However, the board refused to make themselves available to the media or shareholders after the AGM, literally skulking out through a door behind the stage in the Savoy Ballroom of the Grand Hyatt after  suffering the second biggest remuneration report protest vote of any ASX50 company, after Telstra’s 66% in 2007.

A sumptuous feast was provided to the shareholders which would have fed twice the number of shareholders than actually showed up, but the overall message was one of a leaderless company in the bunker and on the run.

This is not going to end well.

3 comments

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3 thoughts on “Mayne: could AMP have made any more mistakes?

  1. AR

    It would even be an improvement if the corporates could make new mistakes, instead of same-old, same-mould.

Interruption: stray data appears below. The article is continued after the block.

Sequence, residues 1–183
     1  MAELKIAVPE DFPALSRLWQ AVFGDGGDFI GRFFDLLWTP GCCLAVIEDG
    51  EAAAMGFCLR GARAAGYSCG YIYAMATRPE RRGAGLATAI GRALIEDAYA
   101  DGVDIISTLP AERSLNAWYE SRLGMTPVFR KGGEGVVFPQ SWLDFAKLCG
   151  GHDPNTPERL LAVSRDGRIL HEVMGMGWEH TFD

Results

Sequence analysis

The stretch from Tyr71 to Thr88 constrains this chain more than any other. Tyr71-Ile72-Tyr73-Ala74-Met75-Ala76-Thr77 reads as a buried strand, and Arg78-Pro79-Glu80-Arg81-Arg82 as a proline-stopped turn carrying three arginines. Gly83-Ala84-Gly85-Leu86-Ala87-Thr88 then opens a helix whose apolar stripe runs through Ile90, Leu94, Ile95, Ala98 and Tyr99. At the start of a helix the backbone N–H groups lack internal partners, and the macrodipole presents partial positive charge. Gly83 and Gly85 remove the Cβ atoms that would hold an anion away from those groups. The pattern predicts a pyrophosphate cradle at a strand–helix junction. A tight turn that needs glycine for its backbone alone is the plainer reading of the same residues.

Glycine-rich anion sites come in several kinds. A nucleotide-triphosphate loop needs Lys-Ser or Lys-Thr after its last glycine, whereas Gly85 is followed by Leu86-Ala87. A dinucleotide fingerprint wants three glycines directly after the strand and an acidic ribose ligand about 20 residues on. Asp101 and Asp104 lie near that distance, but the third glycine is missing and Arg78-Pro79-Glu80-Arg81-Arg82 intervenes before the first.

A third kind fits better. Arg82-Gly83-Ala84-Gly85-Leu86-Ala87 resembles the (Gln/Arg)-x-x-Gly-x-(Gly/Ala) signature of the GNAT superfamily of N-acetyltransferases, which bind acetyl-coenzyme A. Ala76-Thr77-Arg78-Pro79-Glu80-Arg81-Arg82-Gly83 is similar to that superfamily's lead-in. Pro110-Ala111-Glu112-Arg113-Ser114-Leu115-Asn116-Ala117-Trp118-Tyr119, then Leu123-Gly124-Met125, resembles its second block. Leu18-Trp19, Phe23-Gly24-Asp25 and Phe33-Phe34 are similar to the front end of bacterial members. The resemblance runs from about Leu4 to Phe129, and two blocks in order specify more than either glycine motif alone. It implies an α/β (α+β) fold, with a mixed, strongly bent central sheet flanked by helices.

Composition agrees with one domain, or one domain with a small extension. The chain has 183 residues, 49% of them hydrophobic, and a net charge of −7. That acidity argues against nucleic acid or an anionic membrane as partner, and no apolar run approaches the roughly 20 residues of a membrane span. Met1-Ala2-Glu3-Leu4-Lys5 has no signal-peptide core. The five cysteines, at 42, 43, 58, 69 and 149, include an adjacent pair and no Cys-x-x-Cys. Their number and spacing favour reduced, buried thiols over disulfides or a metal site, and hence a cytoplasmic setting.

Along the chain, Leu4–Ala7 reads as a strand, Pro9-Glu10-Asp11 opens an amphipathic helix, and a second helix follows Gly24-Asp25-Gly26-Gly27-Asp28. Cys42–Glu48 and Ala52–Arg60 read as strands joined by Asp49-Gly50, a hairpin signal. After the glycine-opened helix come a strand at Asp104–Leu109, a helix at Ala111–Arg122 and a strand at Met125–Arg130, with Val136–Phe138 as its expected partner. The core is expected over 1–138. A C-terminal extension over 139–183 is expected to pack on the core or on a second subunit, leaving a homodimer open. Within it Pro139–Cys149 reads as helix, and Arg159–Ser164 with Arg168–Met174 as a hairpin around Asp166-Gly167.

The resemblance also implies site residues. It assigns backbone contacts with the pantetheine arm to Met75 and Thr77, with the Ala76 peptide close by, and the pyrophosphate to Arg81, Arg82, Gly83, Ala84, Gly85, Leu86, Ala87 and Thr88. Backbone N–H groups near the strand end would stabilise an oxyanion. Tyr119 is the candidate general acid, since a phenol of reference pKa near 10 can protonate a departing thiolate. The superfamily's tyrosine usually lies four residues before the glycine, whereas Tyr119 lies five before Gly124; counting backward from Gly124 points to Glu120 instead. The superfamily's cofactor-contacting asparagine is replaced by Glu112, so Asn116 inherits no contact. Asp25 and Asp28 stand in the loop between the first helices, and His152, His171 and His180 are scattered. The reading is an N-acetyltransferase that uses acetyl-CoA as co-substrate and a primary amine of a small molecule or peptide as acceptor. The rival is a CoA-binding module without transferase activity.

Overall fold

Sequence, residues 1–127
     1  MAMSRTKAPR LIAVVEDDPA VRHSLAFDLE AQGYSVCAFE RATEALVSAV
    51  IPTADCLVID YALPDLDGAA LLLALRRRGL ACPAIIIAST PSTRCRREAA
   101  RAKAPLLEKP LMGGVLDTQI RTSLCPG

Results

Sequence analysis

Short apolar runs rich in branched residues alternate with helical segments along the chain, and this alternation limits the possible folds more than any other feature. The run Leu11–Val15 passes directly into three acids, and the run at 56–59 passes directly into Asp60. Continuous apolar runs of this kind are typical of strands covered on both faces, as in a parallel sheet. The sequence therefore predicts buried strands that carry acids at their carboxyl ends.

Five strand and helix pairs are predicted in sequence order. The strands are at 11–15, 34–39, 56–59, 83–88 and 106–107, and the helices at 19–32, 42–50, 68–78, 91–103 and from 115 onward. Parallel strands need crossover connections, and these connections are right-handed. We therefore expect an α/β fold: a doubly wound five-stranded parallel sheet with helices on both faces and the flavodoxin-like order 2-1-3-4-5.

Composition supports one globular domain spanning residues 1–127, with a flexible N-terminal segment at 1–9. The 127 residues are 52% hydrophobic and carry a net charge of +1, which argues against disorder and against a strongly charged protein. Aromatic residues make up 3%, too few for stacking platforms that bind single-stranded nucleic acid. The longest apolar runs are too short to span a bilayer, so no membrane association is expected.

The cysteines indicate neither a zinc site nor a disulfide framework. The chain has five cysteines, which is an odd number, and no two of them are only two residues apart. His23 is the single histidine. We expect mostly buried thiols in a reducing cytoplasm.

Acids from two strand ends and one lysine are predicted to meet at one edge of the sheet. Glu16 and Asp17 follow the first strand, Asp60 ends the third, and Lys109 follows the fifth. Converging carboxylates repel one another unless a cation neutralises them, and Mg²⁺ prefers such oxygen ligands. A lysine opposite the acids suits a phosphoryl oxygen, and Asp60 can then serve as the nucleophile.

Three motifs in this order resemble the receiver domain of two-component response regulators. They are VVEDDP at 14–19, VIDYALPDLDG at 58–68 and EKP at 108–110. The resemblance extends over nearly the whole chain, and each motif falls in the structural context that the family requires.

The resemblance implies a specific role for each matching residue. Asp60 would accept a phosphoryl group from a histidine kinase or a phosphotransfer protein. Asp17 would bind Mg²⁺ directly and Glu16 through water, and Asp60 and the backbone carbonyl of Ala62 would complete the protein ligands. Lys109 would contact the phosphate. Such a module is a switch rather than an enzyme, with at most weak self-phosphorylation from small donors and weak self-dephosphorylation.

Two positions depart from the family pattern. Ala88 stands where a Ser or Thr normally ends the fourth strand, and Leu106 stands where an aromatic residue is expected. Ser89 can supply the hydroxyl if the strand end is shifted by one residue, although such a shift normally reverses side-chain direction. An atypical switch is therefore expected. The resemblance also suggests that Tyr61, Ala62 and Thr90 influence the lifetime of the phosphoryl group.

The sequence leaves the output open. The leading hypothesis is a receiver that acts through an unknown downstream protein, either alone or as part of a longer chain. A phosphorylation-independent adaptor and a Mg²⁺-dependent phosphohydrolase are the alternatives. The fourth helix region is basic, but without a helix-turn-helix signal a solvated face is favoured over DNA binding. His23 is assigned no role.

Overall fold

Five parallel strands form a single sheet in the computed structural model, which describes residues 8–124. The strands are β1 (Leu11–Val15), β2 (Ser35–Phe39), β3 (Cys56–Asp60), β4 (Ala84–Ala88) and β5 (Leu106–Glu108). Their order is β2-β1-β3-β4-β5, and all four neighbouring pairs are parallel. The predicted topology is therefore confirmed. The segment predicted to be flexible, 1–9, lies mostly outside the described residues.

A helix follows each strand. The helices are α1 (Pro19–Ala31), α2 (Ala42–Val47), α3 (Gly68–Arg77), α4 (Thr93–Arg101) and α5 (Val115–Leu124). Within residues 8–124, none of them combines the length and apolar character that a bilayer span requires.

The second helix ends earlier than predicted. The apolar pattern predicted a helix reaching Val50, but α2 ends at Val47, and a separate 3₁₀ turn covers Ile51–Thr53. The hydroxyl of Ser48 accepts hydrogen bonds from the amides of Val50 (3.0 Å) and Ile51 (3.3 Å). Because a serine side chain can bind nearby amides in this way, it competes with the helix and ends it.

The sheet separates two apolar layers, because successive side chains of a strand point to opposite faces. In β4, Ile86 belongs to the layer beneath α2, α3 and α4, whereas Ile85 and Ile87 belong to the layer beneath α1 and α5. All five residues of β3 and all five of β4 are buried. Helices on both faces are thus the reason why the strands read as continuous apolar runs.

As usual, Mayne shows how reportage is done – get the facts, assemble and explain to the rest of us.

  2. Gabby22

    It’s not much of a surprise. AMP’s main advantage in recent times has been their momentum. 40-50 years ago, it seemed everyone had some sort of life/super account – AMP have banked on that, doing everything they can do to not rock the boat, spending much of their advertiser on brand (rather than product) promotion. These days the only people I know with AMP products are only those which have been too lazy to change. Now that the searchlight’s on them, I reckon they’re toast.

    20+ years ago when I refactored my super, I looked at AMP products and rejected them almost immediately, along with a few other ‘dinosaurs’. No only did they underperform against their competitors, but they had other delights like a 5% entry fee.

  3. Peter Schulz

    And yet over a third of AMP shareholders voted FOR the remuneration report! Can someone explain this, please?